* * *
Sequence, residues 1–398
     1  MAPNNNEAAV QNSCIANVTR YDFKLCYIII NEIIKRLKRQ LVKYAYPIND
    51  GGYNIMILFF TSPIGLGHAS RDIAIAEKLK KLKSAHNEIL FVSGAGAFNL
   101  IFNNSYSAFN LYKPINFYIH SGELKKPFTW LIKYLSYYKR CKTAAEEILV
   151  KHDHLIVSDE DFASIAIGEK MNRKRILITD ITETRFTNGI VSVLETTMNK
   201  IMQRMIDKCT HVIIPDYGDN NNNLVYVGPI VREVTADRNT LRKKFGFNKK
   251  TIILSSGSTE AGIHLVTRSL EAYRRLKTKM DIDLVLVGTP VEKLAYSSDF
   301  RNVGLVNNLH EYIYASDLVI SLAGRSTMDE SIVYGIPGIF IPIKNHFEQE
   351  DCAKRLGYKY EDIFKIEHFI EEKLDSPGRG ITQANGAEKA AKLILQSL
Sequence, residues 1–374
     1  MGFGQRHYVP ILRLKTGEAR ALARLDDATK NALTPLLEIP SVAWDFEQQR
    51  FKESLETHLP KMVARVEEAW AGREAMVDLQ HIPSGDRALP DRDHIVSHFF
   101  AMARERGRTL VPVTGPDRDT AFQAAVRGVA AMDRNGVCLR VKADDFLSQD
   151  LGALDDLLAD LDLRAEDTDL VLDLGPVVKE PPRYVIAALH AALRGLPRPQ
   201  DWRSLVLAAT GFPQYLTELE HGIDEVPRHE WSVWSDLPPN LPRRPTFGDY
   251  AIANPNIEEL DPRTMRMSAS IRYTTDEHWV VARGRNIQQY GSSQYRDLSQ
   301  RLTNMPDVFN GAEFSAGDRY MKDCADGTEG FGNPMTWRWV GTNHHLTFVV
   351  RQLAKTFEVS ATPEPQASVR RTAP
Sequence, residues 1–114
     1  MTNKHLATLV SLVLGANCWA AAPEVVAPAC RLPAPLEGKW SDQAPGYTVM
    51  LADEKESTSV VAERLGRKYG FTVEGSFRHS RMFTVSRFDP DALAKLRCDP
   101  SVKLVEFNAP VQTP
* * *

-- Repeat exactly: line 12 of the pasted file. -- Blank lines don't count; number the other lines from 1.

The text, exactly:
    51  FKESLETHLP KMVARVEEAW AGREAMVDLQ HIPSGDRALP DRDHIVSHFF